Savig leaving Willmar sidelines

Not long ago coaches had to deal with game-time injuries the best they knew. "Sometimes, we'd take them back into the dressing room, and if it (the injury) didn't seem too bad we'd tape 'em up and send them back out," recalled Dewey Bock, whose c...

Not long ago coaches had to deal with game-time injuries the best they knew.

"Sometimes, we'd take them back into the dressing room, and if it (the injury) didn't seem too bad we'd tape 'em up and send them back out," recalled Dewey Bock, whose coaching career here and elsewhere spanned four decades.

Coaches were often forced to rely on their instinct, plus what was learned in First Aid 101. When the injury was crippling, they hoped a helpful physician was in the house (which there often was at Cardinal games).

That began to change in September, 1991, when Rodney Savig joined the physical therapy department at the ACMC.

Savig was a certified athletic trainer who had earned his degree at North Dakota State University and also had gained work experience in Fargo.


For 17 years, he's been a familiar face near the Cardinal bench and in the rehabilitation room. This month he moved his family to Faribault to take a similar position.

"It was time for a change and this is a tremendous opportunity," he said by phone Tuesday. "I'll be dealing in all aspects of athletic training and rehabilitation."

He'll cover Faribault sports and also do some work with the city's acclaimed private school, Shattuck St. Mary's, though that athletic programs has two full-time trainers of their own for just two sports (hockey and soccer). His new employer is Mankato Orthopedic and Fracture's Rehab 1 division.

Jim Andresen, manager of the Physical Therapy Department at the ACMC, said two candidates among three applicants have already been interviewed for the opening.

"We hope to have someone in place soon," he said. "Between Willmar, New London-Spicer and Ridgewater, we have 15 events (to cover) through September."

Chris Heminover, the other certified athletic trainer on staff, covers Ridgewater sports and New London-Spicer High School. On Mondays, he makes "house calls" at high schools in Clara City, Kerkhoven and Belgrade.

Until the position is filled, Andresen, a 1969 Clara City graduate, said he and other physical therapists will fill in.

Under contract, athletic trainers concentrate on the contact or high-impact sports, like football, hockey, volleyball, gymnastics and wrestling.


On site, Savig saw injured athletes in a small "office" and treatment room just off the Cardinals' gym.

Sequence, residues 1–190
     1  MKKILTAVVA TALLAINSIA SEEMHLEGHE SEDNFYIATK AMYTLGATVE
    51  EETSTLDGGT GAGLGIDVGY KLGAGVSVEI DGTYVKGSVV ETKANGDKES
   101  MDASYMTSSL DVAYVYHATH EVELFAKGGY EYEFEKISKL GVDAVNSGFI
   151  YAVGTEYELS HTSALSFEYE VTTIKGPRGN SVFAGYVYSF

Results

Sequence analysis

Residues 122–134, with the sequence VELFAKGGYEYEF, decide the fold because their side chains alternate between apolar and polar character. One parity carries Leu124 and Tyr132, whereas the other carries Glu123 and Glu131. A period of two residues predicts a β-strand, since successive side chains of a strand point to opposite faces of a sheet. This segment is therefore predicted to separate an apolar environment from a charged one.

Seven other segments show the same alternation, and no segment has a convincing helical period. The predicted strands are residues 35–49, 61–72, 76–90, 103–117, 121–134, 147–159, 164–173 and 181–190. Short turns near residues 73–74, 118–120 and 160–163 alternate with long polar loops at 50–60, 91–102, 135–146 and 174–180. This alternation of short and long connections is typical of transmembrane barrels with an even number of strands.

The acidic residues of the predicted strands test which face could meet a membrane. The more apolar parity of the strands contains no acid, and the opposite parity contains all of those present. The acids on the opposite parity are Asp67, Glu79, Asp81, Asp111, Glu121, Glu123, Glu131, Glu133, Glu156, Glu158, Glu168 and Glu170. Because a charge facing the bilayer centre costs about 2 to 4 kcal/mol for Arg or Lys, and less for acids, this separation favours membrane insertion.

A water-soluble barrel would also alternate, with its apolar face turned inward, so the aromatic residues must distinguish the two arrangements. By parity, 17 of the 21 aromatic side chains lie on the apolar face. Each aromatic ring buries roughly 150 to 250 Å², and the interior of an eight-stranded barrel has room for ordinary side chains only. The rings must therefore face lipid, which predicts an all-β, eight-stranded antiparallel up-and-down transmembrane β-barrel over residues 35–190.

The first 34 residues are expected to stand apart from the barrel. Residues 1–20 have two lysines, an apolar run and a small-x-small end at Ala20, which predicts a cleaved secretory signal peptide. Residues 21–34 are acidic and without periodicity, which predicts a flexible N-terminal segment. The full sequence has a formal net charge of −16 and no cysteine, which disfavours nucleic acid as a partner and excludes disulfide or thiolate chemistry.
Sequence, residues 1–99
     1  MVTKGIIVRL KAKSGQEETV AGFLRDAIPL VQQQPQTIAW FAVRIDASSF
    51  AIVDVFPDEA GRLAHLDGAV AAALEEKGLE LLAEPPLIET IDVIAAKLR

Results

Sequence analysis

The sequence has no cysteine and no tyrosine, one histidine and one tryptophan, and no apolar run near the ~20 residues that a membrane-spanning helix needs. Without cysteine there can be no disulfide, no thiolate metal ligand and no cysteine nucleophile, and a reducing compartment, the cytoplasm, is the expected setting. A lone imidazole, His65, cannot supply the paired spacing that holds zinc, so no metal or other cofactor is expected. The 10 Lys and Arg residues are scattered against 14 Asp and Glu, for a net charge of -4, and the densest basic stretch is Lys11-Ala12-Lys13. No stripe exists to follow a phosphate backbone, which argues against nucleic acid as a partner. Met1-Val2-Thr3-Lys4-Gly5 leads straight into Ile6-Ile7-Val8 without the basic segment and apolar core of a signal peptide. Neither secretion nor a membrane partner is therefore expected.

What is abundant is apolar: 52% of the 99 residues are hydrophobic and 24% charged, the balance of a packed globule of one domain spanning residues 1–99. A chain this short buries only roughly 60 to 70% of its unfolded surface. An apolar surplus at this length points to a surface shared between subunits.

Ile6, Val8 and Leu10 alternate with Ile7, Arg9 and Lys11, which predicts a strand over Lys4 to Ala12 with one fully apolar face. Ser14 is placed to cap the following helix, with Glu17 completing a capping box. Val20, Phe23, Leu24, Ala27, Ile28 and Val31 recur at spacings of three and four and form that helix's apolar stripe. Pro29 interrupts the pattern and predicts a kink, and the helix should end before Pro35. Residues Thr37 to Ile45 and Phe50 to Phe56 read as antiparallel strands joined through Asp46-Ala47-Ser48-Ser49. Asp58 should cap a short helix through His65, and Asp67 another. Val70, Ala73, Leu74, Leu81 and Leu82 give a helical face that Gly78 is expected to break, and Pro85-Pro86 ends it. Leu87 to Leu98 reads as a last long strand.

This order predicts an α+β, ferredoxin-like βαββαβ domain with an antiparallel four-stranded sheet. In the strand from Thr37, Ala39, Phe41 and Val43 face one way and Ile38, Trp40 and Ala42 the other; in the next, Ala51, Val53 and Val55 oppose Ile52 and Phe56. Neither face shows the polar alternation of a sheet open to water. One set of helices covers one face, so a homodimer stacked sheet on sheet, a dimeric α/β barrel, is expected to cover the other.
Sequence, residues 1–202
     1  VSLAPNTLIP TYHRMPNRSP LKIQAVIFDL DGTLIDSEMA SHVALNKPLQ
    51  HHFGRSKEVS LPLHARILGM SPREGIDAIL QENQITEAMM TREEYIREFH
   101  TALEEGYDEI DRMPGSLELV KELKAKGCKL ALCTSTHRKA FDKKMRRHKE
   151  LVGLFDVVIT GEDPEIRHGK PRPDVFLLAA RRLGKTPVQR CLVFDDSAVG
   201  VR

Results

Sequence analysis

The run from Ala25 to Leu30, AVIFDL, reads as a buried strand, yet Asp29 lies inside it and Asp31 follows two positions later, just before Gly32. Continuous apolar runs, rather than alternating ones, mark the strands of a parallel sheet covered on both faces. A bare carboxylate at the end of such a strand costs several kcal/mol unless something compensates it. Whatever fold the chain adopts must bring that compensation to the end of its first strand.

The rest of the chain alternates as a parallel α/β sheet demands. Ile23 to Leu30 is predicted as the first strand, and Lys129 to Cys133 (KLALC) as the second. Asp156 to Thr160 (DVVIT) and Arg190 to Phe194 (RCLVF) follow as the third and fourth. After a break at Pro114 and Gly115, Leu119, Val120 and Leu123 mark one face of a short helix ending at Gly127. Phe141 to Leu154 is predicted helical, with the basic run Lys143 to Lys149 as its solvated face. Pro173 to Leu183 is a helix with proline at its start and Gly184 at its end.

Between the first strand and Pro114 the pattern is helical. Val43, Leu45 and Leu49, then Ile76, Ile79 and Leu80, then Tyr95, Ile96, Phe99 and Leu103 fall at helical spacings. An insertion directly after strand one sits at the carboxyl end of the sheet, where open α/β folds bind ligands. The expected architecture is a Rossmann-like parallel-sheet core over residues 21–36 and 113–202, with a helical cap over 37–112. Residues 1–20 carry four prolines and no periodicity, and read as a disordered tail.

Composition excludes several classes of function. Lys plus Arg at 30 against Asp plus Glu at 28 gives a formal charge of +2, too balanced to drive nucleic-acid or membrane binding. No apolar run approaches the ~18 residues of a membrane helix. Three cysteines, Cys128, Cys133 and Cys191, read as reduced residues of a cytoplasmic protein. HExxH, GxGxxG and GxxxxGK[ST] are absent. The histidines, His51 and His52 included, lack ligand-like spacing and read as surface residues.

Paul Schmidt, assistant principal, said he appreciated Savig's professionalism.

"The word for him was 'steady,' " said Schmidt, formerly the athletic director here. "Day-in and day-out you could count on him. He had a great demeanor; he stayed calm and was also very detailed."

His specialty was football, often traveling with the Cardinal football team and staffing the Ridgewater home games. Many times, I've watched him gently manipulate a grimacing athlete's knee, wishing the news would be good and not season-ending.

Are knees injuries the most frequent injury he treats? he was asked.

"No, ankles are No. 1," he said. "Knees, from tendonitis to a ruptured ACL, are next and then shoulders are No. 3."

Just like Mike

Phelps, that is. Alissa Tinklenberg, who has won her share of medals at four state meets, said that watching Michael Phelp's the past week was "inspiring."


More than most, competitive swimmers understand how singular an achievement it is to make the Olympic team, let alone medal. But eight gold medals?

"It's near insane, the amount of intensity it takes to swim 17 races (perfectly) in one week," said the junior, who was on her first All-State relay in seventh grade.

"You can't ever hope to do what he did but it does make you want to work harder to get to the next level," she said. "He's so modest and humble, too. Definitely a role model."

Does she dream of one day swimming for her country?

"All the time," she smiled. "I'd like to least get to the Trials."

Lost to best

Still in the Olympic mode: Drew Larson, the 2007 Willmar grad now wrestling at St. John's, had Minnesota Olympian Jake Deitchler pegged correctly when Deitchler was still in junior high.

After Larson lost to Deitchler in the 145-pound Class AAA championship match at the Xcel Energy Center on March 3, 2007, Larson was quoted: "I put him on a pedestal when I was down here (as a spectator) in ninth grade and he was an eighth-grader. Now, I'm wrestling him."


After Larson lost a major decision 16-4, he said of the two-time champion who was 82-1 his sophomore and junior years: "He's always on the attack; he never stops."

The 18-year-old Anoka graduate lost two close matches in Beijing, his inexperience at the international level showing. Deitchler now plans to concentrate exclusively on Greco-Roman instead of wrestling for the Minnesota Gophers.

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